Bishop Daily’s nephew, Father Daily spoke very movingly on the Bishop's family life as he grew up in Boston. His home in Belmont, Massachusetts, was a place of comfort, faith, joy and love. It was a true Christian home where Catholic faith took first place. It was from that family home that Bishop Daily emerged as a man of God and love for other people. Father Daily also emphasized how humility played an essential role in the life of Bishop Daily. He stressed that Bishop Daily never put on airs and was always kind, gentle and peaceable. He recalled the words of his uncle to him on his ordination day twenty-seven years ago, "Never forget the little souls. Stay close to them. Of course, never in a condescending manner. But the faithful, simple, holy, good people. The salt of the earth. They are more important than any title, award, rank or degree." Father Daily stated that his uncle truly was so similar to Pope Francis in his love for Christ, His Church, the poor, and especially those on the margins.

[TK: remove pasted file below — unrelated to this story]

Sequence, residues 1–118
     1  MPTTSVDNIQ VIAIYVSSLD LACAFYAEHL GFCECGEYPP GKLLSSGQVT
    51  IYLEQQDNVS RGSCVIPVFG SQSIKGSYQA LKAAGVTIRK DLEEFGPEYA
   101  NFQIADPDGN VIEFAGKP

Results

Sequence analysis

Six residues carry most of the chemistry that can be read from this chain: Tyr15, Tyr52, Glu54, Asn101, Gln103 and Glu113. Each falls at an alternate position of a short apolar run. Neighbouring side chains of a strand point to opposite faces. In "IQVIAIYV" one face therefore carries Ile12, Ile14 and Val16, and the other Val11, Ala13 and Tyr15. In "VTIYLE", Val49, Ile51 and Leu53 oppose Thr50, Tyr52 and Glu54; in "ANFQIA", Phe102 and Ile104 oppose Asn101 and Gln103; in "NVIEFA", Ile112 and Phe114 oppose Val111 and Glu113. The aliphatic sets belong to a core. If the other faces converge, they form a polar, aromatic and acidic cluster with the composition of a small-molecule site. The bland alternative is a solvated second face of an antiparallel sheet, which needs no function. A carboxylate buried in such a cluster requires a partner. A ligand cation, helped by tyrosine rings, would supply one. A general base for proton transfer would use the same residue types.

Bishop Daily had a great sense of humor. He could often be heard laughing. What was so inspiring about his sense of humor is that he never laughed at others – he always laughed at himself. He was the first to tell you of a mistake he made or something that made him look humorous. He loved watching Jackie Gleason’s, “The Honeymooners,” and he could be heard laughing out loud throughout the house.


We in the Diocese of Palm Beach were blessed to have the spiritual leadership and example of Bishop Daily. He gave us a vision of what the Diocese should be all about – a family united in Jesus Christ which proclaims respect and love for every person from the moment of conception until natural death. As the family of Christ we reach out to every person especially the poor and those on the margins who are so present among us and many times forgotten. We walk together as one to our Father in heaven realizing that, while we will have different roles, we all are equal before Him with no one better than another. We take Him seriously as the joy and foundation of our lives. We do not take ourselves too seriously but realize that we can laugh at ourselves before the Lord in whom we find our hope and our joy.


May Bishop Daily now rest in the peace of the Lord who he served so well. We do well to hear his words, “Everybody – stay calm!”


Most Reverend Gerald M. Barbarito

June 9, 2017